Encyclopedia of Jewish History and Culture Online

Get access Subject: Jewish Studies

Editor-in-Chief: Dan Diner

From Europe to America to the Middle East, North Africa and other non-European Jewish settlement areas the Encyclopedia of Jewish History and Culture covers the recent history of the Jews from 1750 until the 1950s.

More information: Brill.com

Kohelet Musar

(1,301 words)

Author(s): Pelli, Moshe
Hebrew periodical, compiled and published by Moses Mendelssohn (1729–1786; Bi’ur) and his friend Tuvia (possibly Tuvia Bock) around 1755 in Germany. In its efforts to establish a connection between the Enlightenment and Judaism,  Kohelet Musar (Eng.; “preacher of morals”) reflects the literary and philosophical currents of the time and anticipates the Haskalah. Above all, it attests to a growing desire to revitalize the Hebrew language and its literature and to pave the way for a moderate model of Enlightenment. For a long time  Kohelet Musar was widely unknown, and at f…
Date: 2019-12-16

Kol Nidre

(1,630 words)

Author(s): Marsha Bryan Edelman
The prayer formula Kol Nidre (Aram.  kol nidre, “all vows”) contains the annulment of vows. Since the Middle Ages its recitation has introduced the day of atonement Yom Kippur in Ashkenazic congregations. Due to the danger of misinterpretation as a general release from obligations the Kol Nidre was an object of internal Jewish criticism and served as a welcome exhibition for antisemites. Due to its incisive melody it has been the subject of numerous modern musical settings. 1. Origins and historyUnder Jewish law (Halakhah) it is forbidden to make rash promises. As a rule an…
Date: 2019-12-16

Komintern

(3,237 words)

Author(s): Koenen, Gerd
As a democratic-centralist organized “world party,” the Communist International (Komintern), founded in Moscow in 1919, was a historically unique undertaking. Nevertheless it was always subordinate to the imperatives of Soviet policies. The role played by Jewish Communists in the Komintern, though formative and prominent at first, was transitory on the whole. Among the motivations for their participation were the incentive to flee from the peculiarities of Jewish existence or from Judai…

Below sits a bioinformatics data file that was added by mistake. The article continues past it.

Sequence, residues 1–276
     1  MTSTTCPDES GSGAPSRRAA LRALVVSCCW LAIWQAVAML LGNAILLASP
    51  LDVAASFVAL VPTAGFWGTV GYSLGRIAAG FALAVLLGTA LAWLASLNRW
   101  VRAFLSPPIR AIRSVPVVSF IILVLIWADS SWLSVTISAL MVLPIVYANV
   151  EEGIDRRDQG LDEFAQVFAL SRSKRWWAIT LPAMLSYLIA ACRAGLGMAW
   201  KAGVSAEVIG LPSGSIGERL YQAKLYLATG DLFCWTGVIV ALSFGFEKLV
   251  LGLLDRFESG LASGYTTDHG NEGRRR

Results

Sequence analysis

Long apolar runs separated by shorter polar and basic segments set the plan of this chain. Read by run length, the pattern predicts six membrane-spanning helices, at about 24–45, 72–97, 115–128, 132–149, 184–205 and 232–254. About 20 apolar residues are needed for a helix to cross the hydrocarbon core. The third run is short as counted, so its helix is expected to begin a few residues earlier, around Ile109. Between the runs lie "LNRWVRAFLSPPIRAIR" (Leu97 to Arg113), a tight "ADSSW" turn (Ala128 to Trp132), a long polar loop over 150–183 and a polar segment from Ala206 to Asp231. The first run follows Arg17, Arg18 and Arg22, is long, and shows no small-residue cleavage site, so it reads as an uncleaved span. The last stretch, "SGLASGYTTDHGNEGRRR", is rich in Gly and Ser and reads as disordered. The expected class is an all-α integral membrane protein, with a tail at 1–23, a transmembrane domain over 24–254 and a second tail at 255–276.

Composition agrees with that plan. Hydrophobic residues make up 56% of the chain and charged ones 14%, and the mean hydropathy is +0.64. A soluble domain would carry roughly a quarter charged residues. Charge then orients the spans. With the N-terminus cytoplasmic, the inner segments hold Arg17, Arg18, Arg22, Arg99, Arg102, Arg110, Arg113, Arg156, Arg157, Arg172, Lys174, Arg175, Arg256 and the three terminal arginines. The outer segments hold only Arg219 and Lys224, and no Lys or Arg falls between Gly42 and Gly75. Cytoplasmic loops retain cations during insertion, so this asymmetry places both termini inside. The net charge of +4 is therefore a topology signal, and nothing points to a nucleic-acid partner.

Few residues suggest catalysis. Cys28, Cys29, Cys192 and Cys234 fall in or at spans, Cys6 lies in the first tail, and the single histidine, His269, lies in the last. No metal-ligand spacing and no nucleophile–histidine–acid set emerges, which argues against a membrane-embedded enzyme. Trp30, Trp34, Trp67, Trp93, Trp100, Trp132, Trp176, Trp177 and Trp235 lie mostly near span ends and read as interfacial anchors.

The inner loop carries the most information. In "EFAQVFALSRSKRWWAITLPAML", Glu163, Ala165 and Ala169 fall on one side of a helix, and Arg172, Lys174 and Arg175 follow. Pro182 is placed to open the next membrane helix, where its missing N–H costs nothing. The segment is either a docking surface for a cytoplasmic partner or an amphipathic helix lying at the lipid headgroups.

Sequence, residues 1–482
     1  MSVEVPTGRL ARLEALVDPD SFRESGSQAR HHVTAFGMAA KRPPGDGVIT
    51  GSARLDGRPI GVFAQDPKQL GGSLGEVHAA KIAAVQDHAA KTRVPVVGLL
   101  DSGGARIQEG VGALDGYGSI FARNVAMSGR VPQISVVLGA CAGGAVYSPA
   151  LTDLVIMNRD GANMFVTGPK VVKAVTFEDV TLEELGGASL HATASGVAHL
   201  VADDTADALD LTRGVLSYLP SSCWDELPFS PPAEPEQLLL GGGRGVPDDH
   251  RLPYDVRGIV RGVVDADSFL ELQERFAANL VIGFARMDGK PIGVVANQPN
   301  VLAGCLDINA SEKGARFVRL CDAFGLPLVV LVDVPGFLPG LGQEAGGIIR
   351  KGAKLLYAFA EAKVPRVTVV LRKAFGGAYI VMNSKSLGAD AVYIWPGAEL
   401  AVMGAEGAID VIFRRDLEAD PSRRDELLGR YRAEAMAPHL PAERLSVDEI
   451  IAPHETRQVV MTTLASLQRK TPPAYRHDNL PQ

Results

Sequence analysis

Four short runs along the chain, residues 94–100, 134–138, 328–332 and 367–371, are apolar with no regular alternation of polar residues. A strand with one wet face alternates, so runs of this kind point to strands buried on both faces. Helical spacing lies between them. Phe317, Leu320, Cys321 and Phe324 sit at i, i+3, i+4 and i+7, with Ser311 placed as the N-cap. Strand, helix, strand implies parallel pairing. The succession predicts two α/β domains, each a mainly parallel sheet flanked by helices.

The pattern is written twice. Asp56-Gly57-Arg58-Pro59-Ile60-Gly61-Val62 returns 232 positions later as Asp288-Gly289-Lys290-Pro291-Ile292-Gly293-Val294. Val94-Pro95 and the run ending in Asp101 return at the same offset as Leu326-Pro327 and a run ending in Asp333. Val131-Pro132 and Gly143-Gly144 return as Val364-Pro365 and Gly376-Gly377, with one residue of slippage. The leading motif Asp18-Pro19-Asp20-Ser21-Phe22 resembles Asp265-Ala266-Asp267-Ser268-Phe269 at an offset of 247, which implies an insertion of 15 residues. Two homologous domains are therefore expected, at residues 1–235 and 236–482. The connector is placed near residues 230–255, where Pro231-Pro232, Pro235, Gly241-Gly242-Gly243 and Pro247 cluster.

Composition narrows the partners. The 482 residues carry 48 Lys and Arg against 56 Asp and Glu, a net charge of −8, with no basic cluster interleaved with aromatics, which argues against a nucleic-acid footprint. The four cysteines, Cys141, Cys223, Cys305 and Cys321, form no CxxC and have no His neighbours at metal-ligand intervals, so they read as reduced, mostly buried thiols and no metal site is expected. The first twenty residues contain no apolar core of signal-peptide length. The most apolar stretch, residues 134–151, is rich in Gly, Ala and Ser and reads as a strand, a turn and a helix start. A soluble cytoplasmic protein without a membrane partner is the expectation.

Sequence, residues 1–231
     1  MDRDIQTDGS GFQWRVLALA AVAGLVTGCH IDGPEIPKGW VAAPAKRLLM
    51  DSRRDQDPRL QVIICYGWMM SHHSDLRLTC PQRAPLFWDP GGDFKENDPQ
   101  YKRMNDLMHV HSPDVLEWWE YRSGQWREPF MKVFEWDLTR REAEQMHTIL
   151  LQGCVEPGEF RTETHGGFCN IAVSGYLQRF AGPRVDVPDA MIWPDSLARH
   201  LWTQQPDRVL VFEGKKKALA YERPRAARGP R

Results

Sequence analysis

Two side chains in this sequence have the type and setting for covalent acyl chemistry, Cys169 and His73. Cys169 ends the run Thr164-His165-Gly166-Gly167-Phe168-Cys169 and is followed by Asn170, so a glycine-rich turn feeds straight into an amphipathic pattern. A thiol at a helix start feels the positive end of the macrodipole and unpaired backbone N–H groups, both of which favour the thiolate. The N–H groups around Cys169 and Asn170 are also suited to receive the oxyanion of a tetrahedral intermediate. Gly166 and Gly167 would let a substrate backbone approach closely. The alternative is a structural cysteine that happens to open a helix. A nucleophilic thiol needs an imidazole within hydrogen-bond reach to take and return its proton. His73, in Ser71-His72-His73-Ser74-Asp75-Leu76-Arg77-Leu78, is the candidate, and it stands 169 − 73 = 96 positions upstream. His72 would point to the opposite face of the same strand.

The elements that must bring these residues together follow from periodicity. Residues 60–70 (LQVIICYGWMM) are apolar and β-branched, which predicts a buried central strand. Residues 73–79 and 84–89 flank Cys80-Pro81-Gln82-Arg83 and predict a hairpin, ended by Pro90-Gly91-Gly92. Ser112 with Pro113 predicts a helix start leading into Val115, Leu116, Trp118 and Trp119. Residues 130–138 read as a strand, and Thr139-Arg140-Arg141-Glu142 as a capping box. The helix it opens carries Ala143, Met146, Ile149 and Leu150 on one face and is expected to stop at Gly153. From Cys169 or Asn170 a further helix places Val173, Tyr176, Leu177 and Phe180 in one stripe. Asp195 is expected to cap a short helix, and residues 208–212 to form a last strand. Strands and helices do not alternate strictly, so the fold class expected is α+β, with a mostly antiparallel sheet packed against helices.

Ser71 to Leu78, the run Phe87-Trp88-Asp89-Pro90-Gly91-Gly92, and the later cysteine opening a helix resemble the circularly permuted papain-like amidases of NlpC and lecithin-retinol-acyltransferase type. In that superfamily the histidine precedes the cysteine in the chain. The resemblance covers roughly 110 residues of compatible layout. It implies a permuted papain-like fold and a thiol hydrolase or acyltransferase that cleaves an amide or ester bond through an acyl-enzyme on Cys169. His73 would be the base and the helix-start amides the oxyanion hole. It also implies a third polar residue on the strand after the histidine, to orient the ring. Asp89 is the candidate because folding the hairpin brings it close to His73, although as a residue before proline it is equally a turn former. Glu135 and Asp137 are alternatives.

Date: 2019-12-16

Kosher Nostra

(2,265 words)

Author(s): Rockaway, Robert
Derisive term for criminal Jewish associations in the United States.  Kosher Nostra alludes to the Italian-American mafia, which had come to be known as  Cosa Nostra (“our thing”). Smaller numbers of Jewish gangsters and gangs had established themselves in the Jewish districts of large American cities before the First World War. Numerous Jewish criminals were particularly attracted by the lucrative new spheres of activity offered to organized crime as a result of Prohibition of 1920. As with gangsters from other sector…
Date: 2019-12-16

Kotso shel Yud

(1,946 words)

Author(s): Stanislawski, Michael
Kotso shel Yud (1875; “The tip of the [Hebrew letter]  Yud”), the best-known poem of Russian-Jewish poet Yehudah Leib Gordon, is a call for the liberation of Jewish women from religious-patriarchal oppression. Gordon (1831–1892) developed a new Hebrew style and significantly influenced the formation of the Hebrew novel. What is more, he was a prominent representative of the Jewish Enlightenment in Russia, which campaigned especially for religious equality for women and for the political-cultural integration of Russian Jews into gentile society. 1. Kotso shel YudGordon unmista…
Date: 2019-12-16

Kovno

(3,062 words)

Author(s): Matthäus, Jürgen
City in Lithuania (Rus., Lithuanian: Kaunas; Yidd.: Kovne), and the Lithuanian capital between the wars. In the Second World War the city was under German occupation (June 24, 1941 to July 31, 1944) and functioned as an administrative center from which the German army, security police, and SD ( Einsatzgruppe A), as well as the civil administration from the end of July 1941, coordinated their policies of looting and extermination of the Jews in Lithuania. As early as summer 1941 – and therefore earlier than in other areas under German occupation…
Date: 2019-12-16

Kulturbund

(2,994 words)

Author(s): Rovit, Rebecca
The Kulturbund Deutscher Juden (Cultural Federation of German Jews) was founded in Berlin in June 1933 in order to help provide subsistence for Jewish artists and scholars who had lost their position because of the National Socialist racial legislation. At the same time, the organization – renamed as the Jüdischer Kulturbund (Jewish Cultural Federation) in 1935 – sought to offer German Jews a cultural home by providing an array of theatre performances, concerts, readings, and exhibition…
Date: 2019-12-16

Kunstwart Debate

(1,182 words)

Author(s): Voigts, Manfred
The essay Deutsch-jüdischer Parnaß by then-unknown Moritz Goldstein (1880–1977), which appeared in the cultural journal  Kunstwart in 1912, triggered a wide-ranging discussion of the situation of Jews in Germany. According to the central statement of the text: “We Jews manage the intellectual property of a people that denies us the authority and ability to do so.” The debate in Kunstwart was early evidence for the failure of Jewish assimilation and a clear indicator of the critical changes in the self-understanding of German Jews, especially in light…
Date: 2019-12-16

Kuzari

(3,185 words)

Author(s): Shear, Adam
Judah Halevi’s Sefer ha-Kuzari (Book of the Kuzari/Book of the Khazars; composed in Spain ca. 1140) is a large-scale outline and defense of rabbinic Judaism. The work was an iconic point of reference up until the modern era for Jews of the most diverse cultures, movements, and spiritual currents. In the Middle Ages and early modern era, the  Kuzari was simultaneously seen as an antirationalist, antiphilosophical text and as an attempt at harmonizing religion and philosophy. Due to the ideological polarization that took place within modern Jewish culture…
Date: 2019-12-16